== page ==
MEDICAL MONDAYS NEWS NOTES
Tom Dovan, MD orthopaedic surgeon
TOPIC: Surgical & Non-Surgical Treatments of the Hand
April 14, 2008
What is a Hand Surgeon?
Our hands serve many purposes. Hands help us eat, dress, write, earn a living, create art, and do many other activities. To do these activities, our hands require sensation and movement, such as joint motion, tendon gliding, and muscle contraction. When a problem takes place in the hand, care must be given to all the different types of tissues that make function of the hand possible.
Hand surgery is the field of medicine that deals with problems of the hand, wrist, and forearm. Hand surgeons care for these problems with and without surgery. They are specially trained to operate when necessary. Many hand surgeons are also experts in diagnosing and caring for shoulder and elbow problems.
Hand surgeons are orthopaedic, plastic, or general surgeons who have additional training in surgery of the hand. To become members of the American Society for Surgery of the Hand, hand surgeons must take a full year of additional training and must pass a rigorous certifying examination.
Some hand surgeons treat only children, some treat only adults, and some treat both. Because many hand surgeons devote most of their time to examining, treating and studying the hand, they are specialists in hand care.
Why visit a hand surgeon?
When a problem takes place in the hand, care must be given to all the different types of tissues that make function of the hand possible.
Not every visit to a hand surgeon results in hand surgery.
Hand surgeons often recommend non-surgical treatment options to assist you. Sometimes, they may refer you to a hand therapist for more treatment.
Hand surgeons are specialists in hand care.
If you have pain in your fingers, hand, wrist or arm, or have other upper-extremity related concerns, you may want to consult a hand surgeon.
Examples of conditions treated by a hand surgeon are:
At one time or another, everyone has had a minor injury to a finger, hand, or wrist that caused pain or swelling. Most of the time our body movements do not cause problems, but it's not surprising that symptoms develop from everyday wear and tear, overuse, or an injury.
Finger, hand, or wrist injuries most commonly occur during:
The risk of finger, hand, or wrist injury is higher in contact sports, such as wrestling, football, or soccer, and in high-speed sports, such as biking, in-line skating, skiing, snowboarding, and skateboarding. Sports that require weight-bearing on the hands and arms, such as gymnastics, can increase the risk for injury. Sports that use hand equipment such as ski poles, hockey or lacrosse sticks, or racquets also increase the risk of injury.
In children, most finger, hand, or wrist injuries occur during sports or play or from accidental falls. Any injury occurring at the end of a long bone near a joint may injure the growth plate (physis) and needs to be evaluated.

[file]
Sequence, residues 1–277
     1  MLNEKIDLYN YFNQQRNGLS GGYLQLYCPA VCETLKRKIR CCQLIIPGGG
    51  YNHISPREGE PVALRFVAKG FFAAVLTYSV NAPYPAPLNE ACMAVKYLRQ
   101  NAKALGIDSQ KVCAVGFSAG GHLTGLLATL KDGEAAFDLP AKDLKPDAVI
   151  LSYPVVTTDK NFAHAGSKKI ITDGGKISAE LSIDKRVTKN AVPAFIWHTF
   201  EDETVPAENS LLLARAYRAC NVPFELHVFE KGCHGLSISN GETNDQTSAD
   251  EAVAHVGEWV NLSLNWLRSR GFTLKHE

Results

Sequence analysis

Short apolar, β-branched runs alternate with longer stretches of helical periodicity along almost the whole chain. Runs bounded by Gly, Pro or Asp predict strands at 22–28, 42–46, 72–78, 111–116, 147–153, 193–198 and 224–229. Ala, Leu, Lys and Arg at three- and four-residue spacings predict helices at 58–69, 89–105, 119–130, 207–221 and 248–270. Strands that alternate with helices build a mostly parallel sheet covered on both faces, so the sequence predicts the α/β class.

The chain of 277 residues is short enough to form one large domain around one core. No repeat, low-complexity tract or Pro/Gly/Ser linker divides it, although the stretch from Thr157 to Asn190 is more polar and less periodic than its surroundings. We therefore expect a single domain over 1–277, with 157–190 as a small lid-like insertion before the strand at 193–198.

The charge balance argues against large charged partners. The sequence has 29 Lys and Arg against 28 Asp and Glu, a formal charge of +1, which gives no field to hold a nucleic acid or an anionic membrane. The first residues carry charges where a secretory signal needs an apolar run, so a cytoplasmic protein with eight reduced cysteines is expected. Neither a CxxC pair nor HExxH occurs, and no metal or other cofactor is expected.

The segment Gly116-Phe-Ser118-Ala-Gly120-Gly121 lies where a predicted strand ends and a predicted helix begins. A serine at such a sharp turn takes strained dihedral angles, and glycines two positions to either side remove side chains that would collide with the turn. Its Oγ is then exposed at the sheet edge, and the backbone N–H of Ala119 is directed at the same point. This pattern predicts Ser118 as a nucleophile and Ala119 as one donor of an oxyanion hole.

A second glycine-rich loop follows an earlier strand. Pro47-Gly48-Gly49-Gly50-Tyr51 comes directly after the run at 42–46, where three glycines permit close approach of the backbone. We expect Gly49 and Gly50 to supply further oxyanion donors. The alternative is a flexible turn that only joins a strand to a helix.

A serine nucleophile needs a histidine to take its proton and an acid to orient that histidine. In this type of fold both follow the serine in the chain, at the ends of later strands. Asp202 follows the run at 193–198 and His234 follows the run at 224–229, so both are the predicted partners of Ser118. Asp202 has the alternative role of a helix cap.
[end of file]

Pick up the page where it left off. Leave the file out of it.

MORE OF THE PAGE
Older adults are at higher risk for injuries and fractures because they lose muscle mass and bone strength (osteopenia) as they age. They also have more problems with vision and balance, which increases their risk of accidental injury.
Most minor injuries will heal on their own, and home treatment is usually all that is needed to relieve symptoms and promote healing.
Sudden (acute) injury
An acute injury may occur from a direct blow, a penetrating injury, a fall, or from twisting, jerking, jamming, or bending a limb abnormally. Pain may be sudden and severe. Bruising and swelling may develop soon after the injury. Acute injuries include:
Overuse injuries occur when too much stress is placed on a joint or other tissue, often by "overdoing" an activity or repeating the same activity. Overuse injuries include the following:
For a finger, hand, or wrist injury may include first aid measures; medication; "buddy-taping" for support; application of a brace, splint, or cast, physical therapy; and in some cases, surgery. Treatment depends on:
Dupuytren's Disease - Surgery
Surgery is the main treatment option for severe cases of Dupuytren's disease. The goal of surgery is to restore the use of your fingers and hand. In most cases, surgery removes the diseased soft-tissue bands that connect your finger joints to the palm, and may involve a skin graft. Total hand function may not be completely restored by surgery. Even with successful surgery, thickened palm tissue may develop again in the same place or in a new area of the hands. Reoperation is often necessary to maintain hand function.
You may improve the outcome if you do postsurgical rehabilitation with finger exercises and splints, as directed by your health professional.
Depending on your condition, your surgeon will choose one of the following surgical procedures:6
What To Think About
Your decision whether to have surgery should consider:
Needle aponeurotomy is a form of fasciotomy that is done as an outpatient procedure with local anesthesia. While it has been done for several years in France, it is just being introduced in the United States. This procedure only partially corrects pulling or contracture between the fingers and the palm. Also there is chance of damaging nerves of the adjacent fingers and there is a high chance the contracture will come back.